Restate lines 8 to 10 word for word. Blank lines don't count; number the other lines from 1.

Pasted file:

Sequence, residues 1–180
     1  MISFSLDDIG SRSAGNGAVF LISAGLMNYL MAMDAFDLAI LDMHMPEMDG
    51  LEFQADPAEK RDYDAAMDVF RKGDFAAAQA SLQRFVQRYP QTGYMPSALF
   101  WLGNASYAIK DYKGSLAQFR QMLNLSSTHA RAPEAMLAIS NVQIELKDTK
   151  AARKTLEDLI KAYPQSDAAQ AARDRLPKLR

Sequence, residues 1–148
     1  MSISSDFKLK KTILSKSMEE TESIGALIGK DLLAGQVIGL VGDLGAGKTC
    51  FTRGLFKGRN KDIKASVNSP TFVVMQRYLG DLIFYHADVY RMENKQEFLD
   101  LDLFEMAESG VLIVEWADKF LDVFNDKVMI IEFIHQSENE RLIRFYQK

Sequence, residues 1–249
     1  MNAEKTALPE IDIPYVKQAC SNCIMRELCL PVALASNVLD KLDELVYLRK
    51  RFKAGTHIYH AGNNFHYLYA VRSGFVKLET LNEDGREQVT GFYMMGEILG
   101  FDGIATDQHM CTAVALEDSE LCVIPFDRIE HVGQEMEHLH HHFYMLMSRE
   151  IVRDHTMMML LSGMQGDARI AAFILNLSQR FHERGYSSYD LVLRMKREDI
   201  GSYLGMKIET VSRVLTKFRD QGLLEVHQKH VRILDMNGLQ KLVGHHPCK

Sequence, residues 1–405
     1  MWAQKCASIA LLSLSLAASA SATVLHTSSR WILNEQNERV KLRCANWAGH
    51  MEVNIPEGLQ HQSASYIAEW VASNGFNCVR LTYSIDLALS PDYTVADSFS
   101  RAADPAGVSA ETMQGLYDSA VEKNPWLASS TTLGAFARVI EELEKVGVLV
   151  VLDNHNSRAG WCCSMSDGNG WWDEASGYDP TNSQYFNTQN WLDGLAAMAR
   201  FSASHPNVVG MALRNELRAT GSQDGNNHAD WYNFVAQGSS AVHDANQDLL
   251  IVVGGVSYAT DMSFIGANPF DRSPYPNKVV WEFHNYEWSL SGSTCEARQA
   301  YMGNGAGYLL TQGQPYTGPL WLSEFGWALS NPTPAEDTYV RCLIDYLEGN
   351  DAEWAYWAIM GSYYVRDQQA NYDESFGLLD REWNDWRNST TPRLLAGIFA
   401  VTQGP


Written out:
    51  FTRGLFKGRN KDIKASVNSP TFVVMQRYLG DLIFYHADVY RMENKQEFLD
   101  LDLFEMAESG VLIVEWADKF LDVFNDKVMI IEFIHQSENE RLIRFYQK

Sequence, residues 1–249